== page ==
In 2001, the UK's fourth broadcaster Channel 5 switched to 16:9.
In 2002, On Digital became defunct and free-to-air digital terrestrial television services instead began to operate under the name of Freeview.
In 2003, Sky branded channels were re-branded which included the switch to 16:9.
In 2006, BBC HD began broadcasting in 1080i which became the standard for all HD channels. Similar to the switch to Digital in 1998, viewers using terrestrial services required an additional set-top-box which was HD capable
In 2007, Channel 4 HD was launched on Sky. It was later added to Virgin Media in 2009 and then to Freeview HD in 2011.
In 2008, ITV HD was launched on Freesat and was later added to Virgin Media, Sky and Freeview HD in 2010.
In 2009, Freeview HD launched allowing terrestrial viewers to watch BBC HD and ITV HD without a subscription, a Freeview HD set-top box or television is required.
In 2010, Channel 5 HD was launched on Sky and Virgin Media.
In 2011, BBC One HD was launched on Sky, Virgin Media and Freeview HD. As of 2012,
All Freeview channels broadcast in 16:9;
Almost all Virgin Media/Sky channels broadcast in 16:9. The rest switched by the end of 2012. Older 4:3 programmes are either shown in their original format or zoomed to 14:9 or 16:9.

In OceaniaEdit

Country Channel
  Australia All major free to air channels and almost all pay TV channels (including SD). Older 4:3 programmes are either shown in their original format or zoomed to 14:9 or 16:9.
  Fiji All channels.
  New Zealand All channels.

In AsiaEdit

Japan's Hi-Vision originally started with a 5:3 ratio but converted when the international standards group introduced a wider ratio of 513 to 3 (=16:9).

Country Channel
  Afghanistan All channels.
  Bangladesh SA TV.
  Cambodia All channels.
  China CCTV channels 1-15, CCTV-5+, CCTV News. Older contents in 4:3 and news contents are stretched on SD variants of these channels as stretching on SD channels is common.
  Hong Kong All major channels since digital television broadcasting started in 2007.
  India All channels.
  Indonesia All channels.
  Iran All channels.
  Israel All main channels, including but not limited to Hot&Yes.
  Japan Japan pioneered in its analogue HDTV system (MUSE) in 16:9 format, started in the 1980s. Currently all main channels have digital terrestrial television channels in 16:9 while being simulcast in analogue 4:3 format. Many satellite broadcast channels are being broadcast in 16:9 as well.
  Kyrgyzstan All channels.
  Lebanon LBCI.4:3 Shows are stretched

National Broadcasting Network (Lebanon). Its in HD and has no 4:3 content Future Television.

  Malaysia All channels.
  Mongolia MNB & MN2, MNC, Edutainment TV, SPS and Sportbox.
  Pakistan All channels.
  Philippines 16:9 native*: CNN Philippines, Hope Channel Philippines, 3ABN, Hope International, INCTV, Net 25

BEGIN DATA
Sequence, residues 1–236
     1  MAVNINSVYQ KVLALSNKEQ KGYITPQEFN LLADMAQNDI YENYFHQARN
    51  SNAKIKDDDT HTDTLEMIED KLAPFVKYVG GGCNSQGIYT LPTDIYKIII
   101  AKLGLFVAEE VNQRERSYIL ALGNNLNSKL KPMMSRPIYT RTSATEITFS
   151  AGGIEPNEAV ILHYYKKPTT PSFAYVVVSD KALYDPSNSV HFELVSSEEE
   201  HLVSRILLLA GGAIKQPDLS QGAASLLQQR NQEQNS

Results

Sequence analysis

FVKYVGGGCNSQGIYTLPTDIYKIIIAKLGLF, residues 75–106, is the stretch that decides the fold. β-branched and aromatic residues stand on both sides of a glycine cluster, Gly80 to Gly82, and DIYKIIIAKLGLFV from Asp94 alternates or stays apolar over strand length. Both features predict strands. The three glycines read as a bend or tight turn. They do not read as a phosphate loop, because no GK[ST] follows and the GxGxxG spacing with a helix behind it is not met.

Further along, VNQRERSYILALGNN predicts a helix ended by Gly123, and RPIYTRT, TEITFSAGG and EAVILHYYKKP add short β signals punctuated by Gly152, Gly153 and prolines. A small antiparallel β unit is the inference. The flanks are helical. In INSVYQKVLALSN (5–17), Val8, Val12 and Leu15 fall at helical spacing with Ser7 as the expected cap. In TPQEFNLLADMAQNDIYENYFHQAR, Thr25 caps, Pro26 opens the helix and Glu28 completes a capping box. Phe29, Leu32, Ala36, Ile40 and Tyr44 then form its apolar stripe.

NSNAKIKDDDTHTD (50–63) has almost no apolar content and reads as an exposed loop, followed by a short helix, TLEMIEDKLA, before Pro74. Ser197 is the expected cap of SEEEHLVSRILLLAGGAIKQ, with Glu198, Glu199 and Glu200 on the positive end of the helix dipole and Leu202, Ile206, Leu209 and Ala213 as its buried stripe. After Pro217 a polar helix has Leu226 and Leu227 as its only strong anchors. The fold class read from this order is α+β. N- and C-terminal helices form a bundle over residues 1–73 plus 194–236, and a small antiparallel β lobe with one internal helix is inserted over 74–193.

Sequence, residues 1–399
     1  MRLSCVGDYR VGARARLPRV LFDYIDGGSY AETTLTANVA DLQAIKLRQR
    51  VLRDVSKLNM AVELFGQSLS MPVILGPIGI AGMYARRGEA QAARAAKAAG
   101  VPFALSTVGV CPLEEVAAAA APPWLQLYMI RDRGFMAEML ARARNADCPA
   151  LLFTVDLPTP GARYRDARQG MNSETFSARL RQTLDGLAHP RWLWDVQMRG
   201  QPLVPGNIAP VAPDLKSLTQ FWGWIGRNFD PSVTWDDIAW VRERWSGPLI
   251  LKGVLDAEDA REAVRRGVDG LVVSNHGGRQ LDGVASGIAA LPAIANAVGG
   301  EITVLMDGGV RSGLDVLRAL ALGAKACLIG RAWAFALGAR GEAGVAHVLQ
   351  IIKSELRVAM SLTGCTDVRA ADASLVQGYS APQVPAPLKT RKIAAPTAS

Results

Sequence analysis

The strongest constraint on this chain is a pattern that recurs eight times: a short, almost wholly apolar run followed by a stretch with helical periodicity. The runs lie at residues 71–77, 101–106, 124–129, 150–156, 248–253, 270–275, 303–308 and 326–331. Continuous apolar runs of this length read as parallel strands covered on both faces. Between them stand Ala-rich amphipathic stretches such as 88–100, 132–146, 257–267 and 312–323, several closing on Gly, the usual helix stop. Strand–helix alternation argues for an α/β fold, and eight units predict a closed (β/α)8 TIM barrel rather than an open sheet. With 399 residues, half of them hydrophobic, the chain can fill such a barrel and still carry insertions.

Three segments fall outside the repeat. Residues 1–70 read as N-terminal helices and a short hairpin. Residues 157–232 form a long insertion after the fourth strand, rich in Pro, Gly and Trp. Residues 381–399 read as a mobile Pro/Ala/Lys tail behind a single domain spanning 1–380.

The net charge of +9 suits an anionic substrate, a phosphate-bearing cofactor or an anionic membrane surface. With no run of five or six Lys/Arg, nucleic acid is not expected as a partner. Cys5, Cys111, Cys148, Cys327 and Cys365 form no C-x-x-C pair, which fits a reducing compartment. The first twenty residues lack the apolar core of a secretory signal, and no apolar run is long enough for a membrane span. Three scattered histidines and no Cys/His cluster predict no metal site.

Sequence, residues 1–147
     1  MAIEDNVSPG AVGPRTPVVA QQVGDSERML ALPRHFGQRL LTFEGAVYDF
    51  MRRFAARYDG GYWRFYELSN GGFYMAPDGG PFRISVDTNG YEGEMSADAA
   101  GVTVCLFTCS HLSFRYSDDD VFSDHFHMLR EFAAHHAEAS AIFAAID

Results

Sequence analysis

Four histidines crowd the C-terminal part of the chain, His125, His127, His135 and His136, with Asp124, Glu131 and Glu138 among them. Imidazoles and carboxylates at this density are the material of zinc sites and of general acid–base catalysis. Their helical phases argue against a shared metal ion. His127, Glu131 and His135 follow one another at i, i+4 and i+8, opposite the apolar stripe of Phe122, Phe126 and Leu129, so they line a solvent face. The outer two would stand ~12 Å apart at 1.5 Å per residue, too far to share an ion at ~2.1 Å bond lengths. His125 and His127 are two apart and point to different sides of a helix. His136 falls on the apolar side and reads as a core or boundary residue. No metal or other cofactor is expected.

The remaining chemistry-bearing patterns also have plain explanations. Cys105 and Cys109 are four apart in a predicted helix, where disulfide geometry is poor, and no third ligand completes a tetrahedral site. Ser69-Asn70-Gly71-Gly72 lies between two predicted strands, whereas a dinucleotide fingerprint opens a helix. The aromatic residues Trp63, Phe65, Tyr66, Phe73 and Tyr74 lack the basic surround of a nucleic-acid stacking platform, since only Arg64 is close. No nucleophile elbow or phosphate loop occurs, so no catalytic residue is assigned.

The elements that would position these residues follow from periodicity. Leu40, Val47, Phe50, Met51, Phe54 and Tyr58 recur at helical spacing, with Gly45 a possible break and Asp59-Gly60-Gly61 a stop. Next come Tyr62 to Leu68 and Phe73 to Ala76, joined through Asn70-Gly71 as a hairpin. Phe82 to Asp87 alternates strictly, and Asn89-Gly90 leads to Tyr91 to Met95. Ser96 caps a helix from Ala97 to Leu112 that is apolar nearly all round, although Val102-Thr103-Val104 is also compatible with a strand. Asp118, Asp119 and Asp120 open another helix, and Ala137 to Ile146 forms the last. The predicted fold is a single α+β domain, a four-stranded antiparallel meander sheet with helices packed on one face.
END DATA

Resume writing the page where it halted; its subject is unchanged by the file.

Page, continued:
4:3 upscaled/stretched to 16:9**: ETC, 2nd Avenue, GMA Network, GMA News TV, all BEAM's subchannels, Light Network, UNTV, Ang Dating Daan TV,SMNI, all ABS-CBN channels (including TVPlus channels), TV5, AksyonTV

*channels that are letterboxed on analog terrestrial transmissions nor no letterbox on widescreen-produced programs.

**channels that are originally broadcasting in 4:3 on analog terrestrial, but upscaled or stretched to 16:9 for digital terrestrial television, cable and satellite.

  Qatar All Al Jazeera Sports channels, Al Jazeera, Al Jazeera English, Qatar TV HD, all Alkass channels.
  Saudi Arabia All channels.
  Singapore All MediaCorp channels, however 16:9 contents look squashed on older 4:3 sets. Also, all 4:3 contents including news clips are stretched as stretching is common.
  South Korea All major channels currently feature 16:9 aspect ratio.
  Sri Lanka Colombo TV.
  Syria All channels.
  Taiwan TTV HD, CTV HD, CTS HD, FTV HD, PTS HD, TVBS.
  Thailand All channels.
  United Arab Emirates All channels.
  Vietnam All of VTC HD's channels, VTV channels, HTV channels and K+'s channels (selected programmes).

In the AmericasEdit

In AfricaEdit

Country Channel
  Algeria
  Egypt All channels.
  Libya Libya 24.
  Morocco Al Aoula.
  South Africa 16:9 is the standard broadcast format for most digital channels and all HDTV broadcasts all main channels.

See alsoEdit

NotesEdit

  1. ^ The 2.39:1 ratio is commonly labeled 2.40:1, e.g., in the American Society of Cinematographers' American Cinematographer Manual, and is mistakenly referred to as 2.35:1 (only cinema films before the 1970 SMPTE revision used 2.35:1).

ReferencesEdit

CitedEdit

  1. ^ a b "Understanding Aspect Ratios" (Technical bulletin). The CinemaSource Press. 2001. Retrieved 2009-10-24. 
  2. ^ US 5956091, "Method of showing 16:9 pictures on 4:3 displays", issued 1999-09-21 
  3. ^ Baker, I (1999-08-25). "Safe areas for widescreen transmission" (PDF). EBU. CH: BBC. Retrieved 2009-10-27. 
  4. ^ "Television in the 16:9 screen format" (legislation summary). EU: Europa. Retrieved 2011-09-08. 
  5. ^ "Product Planners and Marketers Must Act Before 16:9 Panels Replace Mainstream 16:10 Notebook PC and Monitor LCD Panels, New DisplaySearch Topical Report Advises". DisplaySearch. 2008-07-01. Retrieved 2011-09-08. 
  6. ^ "Widescreen monitors: Where did 1920×1200 go? « Hardware « MyBroadband Tech and IT News". Mybroadband.co.za. 2011-01-10. Retrieved 2011-09-08. 
  7. ^ "Steam Hardware & Software Survey". Steam. Retrieved 2011-09-08. 

GeneralEdit